“We wanted to be able to sell milk to people from this farm, from these cows, that ate this pasture grass,” Paul says. “The first couple of years telling that story and trying to market our products were tough. We did a lot of product-demoing at grocery stores and elsewhere. We gave away a lot of free products. Eventually, people started responding to our message. Then coffee shops got wind of it.”

Kilgus Farmstead milk is one of the predominant milk products in refrigerators of coffee shops from Springfield to Peoria to Bloomington-Normal, Champaign-Urbana, and beyond. Buyers often buy cases of milk for many families at a time.

“It was the best decision we ever made to bottle on-farm,” Paul says.

On-farm education for the public

Asked what the most important thing is that they do on the farm besides rotational grazing of the cows, Paul said that educational tours for local schools, FFA, 4-H, homeschoolers, agricultural advisors, and others has been the big one.

“Educational tours showcasing what we are doing are so important. There aren’t enough people doing this rotational grazing thing in our area, and I’d like to see others do it. The tours of the farm also help us reinforce our story. That glass of milk means a whole lot more to customers if they got to meet some of the cows it came from.”

Illinois Extension offers research collaboration for farmers, with farmers

Illinois Extension exists to serve stakeholders in all 102 counties of Illinois and is taxpayer funded. So, when asked what Illinois Extension and agricultural researchers at the College of ACES could do for producers like them, Kilgus said, “We need more research into soil health of pastures specifically. We’ve figured out a rejuvenation process for our permanent pastures involving pasture-clipping, incorporating of summer-annual species into them – sorghum-Sudangrass and pearl millet especially – which we graze for two years.

“We’re shooting from the hip, and we don’t know exactly how it works, but it works. We’ve never looked at what’s going on below ground. Soil health research that focuses on forage and pasture health innovation would be my vote. And we would welcome collaboration with Department of Animal Science, Crop Sciences, and others to get that going.”

Raw milk in Illinois

As of 2016, producers complying with state regulations are allowed to sell raw, unpasteurized milk to interested consumers, with some restrictions. I learned that Kilgus Farmstead is one of the few farms in our state where unpasteurized milk has been and continues to be available.

In Illinois, there is a rigorous compliance process for any dairy business to obtain a raw milk sale permit. First, there is a requirement for separate equipment used for raw milk processing. Additionally, raw milk producers must test their product every six weeks for coliform, bacteria and somatic cell counts which must be below certain thresholds, and detailed records of test results must be kept on hand.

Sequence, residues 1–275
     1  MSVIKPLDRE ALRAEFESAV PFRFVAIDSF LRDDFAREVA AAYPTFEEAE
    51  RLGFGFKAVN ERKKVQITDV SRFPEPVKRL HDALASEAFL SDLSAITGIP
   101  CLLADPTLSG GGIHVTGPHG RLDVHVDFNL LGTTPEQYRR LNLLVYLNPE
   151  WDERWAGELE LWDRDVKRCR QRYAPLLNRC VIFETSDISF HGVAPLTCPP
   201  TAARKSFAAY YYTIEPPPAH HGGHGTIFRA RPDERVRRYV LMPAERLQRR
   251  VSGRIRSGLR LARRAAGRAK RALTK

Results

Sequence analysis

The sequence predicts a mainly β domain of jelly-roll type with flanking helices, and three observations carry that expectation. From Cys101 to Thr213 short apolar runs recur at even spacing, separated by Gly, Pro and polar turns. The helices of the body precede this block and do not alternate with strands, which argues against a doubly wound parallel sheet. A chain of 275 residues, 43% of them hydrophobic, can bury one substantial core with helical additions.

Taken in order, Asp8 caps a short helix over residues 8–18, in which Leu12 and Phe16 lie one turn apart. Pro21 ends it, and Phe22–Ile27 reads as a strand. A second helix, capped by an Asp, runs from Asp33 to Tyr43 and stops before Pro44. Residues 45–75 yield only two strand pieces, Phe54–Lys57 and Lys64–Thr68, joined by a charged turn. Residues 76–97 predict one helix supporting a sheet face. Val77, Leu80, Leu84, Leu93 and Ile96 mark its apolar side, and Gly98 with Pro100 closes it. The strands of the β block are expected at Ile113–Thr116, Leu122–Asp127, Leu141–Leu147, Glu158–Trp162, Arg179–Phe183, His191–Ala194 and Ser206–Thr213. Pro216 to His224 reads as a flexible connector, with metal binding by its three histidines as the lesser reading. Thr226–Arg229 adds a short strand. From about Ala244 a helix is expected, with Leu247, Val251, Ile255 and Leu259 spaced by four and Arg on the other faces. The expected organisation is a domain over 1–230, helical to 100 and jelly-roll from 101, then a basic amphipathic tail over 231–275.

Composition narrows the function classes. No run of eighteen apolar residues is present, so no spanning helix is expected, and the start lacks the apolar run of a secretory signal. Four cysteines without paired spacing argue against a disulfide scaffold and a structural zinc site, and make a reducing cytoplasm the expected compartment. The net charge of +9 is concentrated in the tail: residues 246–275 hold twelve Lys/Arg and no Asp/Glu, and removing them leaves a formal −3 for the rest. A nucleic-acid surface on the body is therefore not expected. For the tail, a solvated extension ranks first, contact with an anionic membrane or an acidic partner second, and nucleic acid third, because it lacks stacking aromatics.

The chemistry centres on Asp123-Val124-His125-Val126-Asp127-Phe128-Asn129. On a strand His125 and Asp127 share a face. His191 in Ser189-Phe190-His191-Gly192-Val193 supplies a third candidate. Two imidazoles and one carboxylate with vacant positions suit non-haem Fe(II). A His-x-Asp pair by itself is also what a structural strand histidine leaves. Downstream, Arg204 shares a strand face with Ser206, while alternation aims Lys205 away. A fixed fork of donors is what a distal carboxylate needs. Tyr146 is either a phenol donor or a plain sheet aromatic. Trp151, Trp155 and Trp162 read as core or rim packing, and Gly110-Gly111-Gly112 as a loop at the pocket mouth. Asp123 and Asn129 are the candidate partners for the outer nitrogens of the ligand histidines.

According to Illinois law, raw milk can only be sold on-farm, direct-to-consumer – it cannot be distributed or resold. Signage must also be displayed at the point-of-sale – usually above or on the cooler where raw milk for sale is kept – separately from other products.

Due to the potential for foodborne illness from improperly handled raw milk, signage must include specific language that says: “Raw milk may contain pathogens that cause serious illness, especially in children, the elderly, women who are pregnant, and persons with weakened immune systems” so that consumers understand the associated risks.

Given all those and other required regulations, I asked Paul why they chose to seek a raw milk permit for the business. “There is demand for this product. If we could distribute this, it would be a boon. We can’t distribute it, but demand keeps growing annually. People come from far away for it – it’s quite popular.”

Local products speak

I asked Paul what he thought the most challenging part of rotationally grazing dairy in Illinois is, and what he is most excited about in the field of agriculture right now.

“I think the most challenging part of this work is it’s seven days a week, 365 days a year job. But I was raised this way, so I don’t really know any different. It can wear on you, but we have a big family, and we all take time off, cover each other’s backs, so it’s much easier that way.”

“It’s been great to see my kids come back to the farm and start ventures here of their own. And in terms of the most exciting thing right now? I’d say that people really want to know where their food comes from, now more than ever. And our timing with the business changes over the years has really ridden that wave. Local products speak.”

Indeed, they do.


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Nick Frillman is a local foods and small farms educator serving Livingston, McLean, and Woodford counties. A fourth-generation graduate from University of Illinois, Frillman has a bachelor's degree in Political Science and Spanish and a master's in Crop Science with a focus on crop production. Before joining Illinois Extension, Frillman completed a field season of CSA and farmers market-style production at a small “beyond-organic” vegetable farm in Sandy, Oregon.